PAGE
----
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When the Other Children Shatter: The Glass Effect of Reactive Attachment Disorder on Siblings

Updated: Jul 12, 2023

As parents, we embark upon the experience with hope and wonder—whether our children enter our lives biologically, through adoption or other circumstances. We never anticipate that the journey will devastate us or those we love.

But when reactive attachment disorder—the result of childhood trauma—enters the home, tragedy can follow. Siblings of children with the disorder often feel the brunt of the chaos, silently.

We call them glass children.

Sand turns to glass when heated to 3090°. An incredible 3090 degrees. The sand is so stressed that it morphs into something different and fragile, yet beautiful.

Parent and author Avivah Werner defines it best. “Glass children are children who are growing up in a home with a sibling who takes up a disproportionate amount of parental energy,” Werner says. “This can be a child with an obvious physical or emotional disability. It can be a child with an addiction, a serious illness, or significant behavioral issues.”

Unfortunately, families of children with reactive attachment disorder have more than their fair share of glass children.

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Though certainly not their fault, parents often look right through their other children—those without reactive attachment disorder—like glass. As they put out behavioral, emotional, physical, and sometimes literal fires from their children with reactive attachment disorder, parents overlook their other children’s needs.

Usually, the knowledge of glass children comes as they age, mature and become older teens or young adults. In an effort to “protect” their parents, these siblings stay tragically quiet as younger children. They do so to prevent additional stress for their parents.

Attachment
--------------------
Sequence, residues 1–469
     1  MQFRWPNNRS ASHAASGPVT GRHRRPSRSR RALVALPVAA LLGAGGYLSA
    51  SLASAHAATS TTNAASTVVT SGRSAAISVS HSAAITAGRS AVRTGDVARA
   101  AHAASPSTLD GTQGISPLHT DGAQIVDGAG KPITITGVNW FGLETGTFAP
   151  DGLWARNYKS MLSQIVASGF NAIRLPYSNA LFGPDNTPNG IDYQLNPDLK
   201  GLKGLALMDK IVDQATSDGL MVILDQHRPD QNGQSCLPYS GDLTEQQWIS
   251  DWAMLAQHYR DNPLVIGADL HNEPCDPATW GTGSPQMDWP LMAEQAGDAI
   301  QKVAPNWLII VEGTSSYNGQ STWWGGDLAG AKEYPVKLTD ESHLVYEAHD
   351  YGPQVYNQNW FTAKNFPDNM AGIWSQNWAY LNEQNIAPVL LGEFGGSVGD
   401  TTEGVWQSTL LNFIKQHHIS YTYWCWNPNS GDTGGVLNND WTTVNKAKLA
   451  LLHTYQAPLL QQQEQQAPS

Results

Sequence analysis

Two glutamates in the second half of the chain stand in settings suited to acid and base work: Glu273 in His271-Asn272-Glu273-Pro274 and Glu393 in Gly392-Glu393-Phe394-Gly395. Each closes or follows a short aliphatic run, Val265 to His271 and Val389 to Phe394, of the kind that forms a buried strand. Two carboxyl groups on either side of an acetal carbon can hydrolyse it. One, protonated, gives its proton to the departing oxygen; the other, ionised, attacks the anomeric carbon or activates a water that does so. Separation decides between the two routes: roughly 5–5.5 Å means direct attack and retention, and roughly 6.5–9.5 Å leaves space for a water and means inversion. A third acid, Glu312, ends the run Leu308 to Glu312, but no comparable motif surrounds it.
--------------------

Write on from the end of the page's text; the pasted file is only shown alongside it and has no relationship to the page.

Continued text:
The silence of glass children can lead to feelings of hopelessness, isolation, depression, anxiety and post-traumatic stress disorder.

To learn of this aftermath years later is tragic as a parent. Just as we have survived the most challenging years with our children with reactive attachment disorder, we often learn that our other children feel shattered. Broken glass.

This is a heavy weight to carry.

My husband and I embarked upon adoption with the purest of intent. I had thought, simply, that we would share our home, family, and love with another child who so desperately needed it. Though we anticipated challenges, we had no idea that the experience would unravel our family.

Even in the midst of absolute despair, I wish someone had told me to really see my other children. To not just look through them and think how wonderful they are but to stop and observe them. To actually tend to these kids who seemed to need nothing when, in reality, they needed so very much.

When we are lucky enough to have a glass child share what is on the inside, we

will see cracks. Like stained-glass, they are fragile. But what a most beautiful sight to behold.

Though it has been incredibly difficult, I’ve forgiven myself for not seeing my kids when they needed me most. I had never heard of glass children. I, too, was suffering in ways most did not see. Through my own journey to survive the effects of reactive attachment disorder, I did not see the damage occurring to my other children.

While I have let go of my guilt, I still reflect. I envision the ways I could have protected my children from the pain they endured years ago.

Though I can’t go back in time for my own children, it is why I am a RAD Advocate—so that others may experience the beauty of adoption, even with reactive attachment disorder, without the shattered glass.


But HOW? I saw and knew it was damaging my other children but just like you can't remove yourself from the situation, everyone in the family has to stay and endure it. I don't think it is possible to shield them - as much as you try, you are left watching the carnage unfold, completely powerless to fix it.


Lovely Article on glass children! I'm working with Alicia Maples (the woman who popularized this term with her Tedx talk) on creating education resources and workshops for this population. Cynthia at InnerAlly dot com

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